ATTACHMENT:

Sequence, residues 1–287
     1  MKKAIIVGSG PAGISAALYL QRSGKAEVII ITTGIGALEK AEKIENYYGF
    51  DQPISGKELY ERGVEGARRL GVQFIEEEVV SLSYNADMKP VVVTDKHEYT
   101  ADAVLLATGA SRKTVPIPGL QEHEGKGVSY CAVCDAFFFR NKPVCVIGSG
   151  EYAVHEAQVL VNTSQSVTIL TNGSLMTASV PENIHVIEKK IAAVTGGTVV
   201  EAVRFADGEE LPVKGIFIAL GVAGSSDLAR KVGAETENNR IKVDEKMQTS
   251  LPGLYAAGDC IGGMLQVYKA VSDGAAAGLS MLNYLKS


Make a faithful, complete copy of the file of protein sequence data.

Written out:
Sequence, residues 1–287
     1  MKKAIIVGSG PAGISAALYL QRSGKAEVII ITTGIGALEK AEKIENYYGF
    51  DQPISGKELY ERGVEGARRL GVQFIEEEVV SLSYNADMKP VVVTDKHEYT
   101  ADAVLLATGA SRKTVPIPGL QEHEGKGVSY CAVCDAFFFR NKPVCVIGSG
   151  EYAVHEAQVL VNTSQSVTIL TNGSLMTASV PENIHVIEKK IAAVTGGTVV
   201  EAVRFADGEE LPVKGIFIAL GVAGSSDLAR KVGAETENNR IKVDEKMQTS
   251  LPGLYAAGDC IGGMLQVYKA VSDGAAAGLS MLNYLKS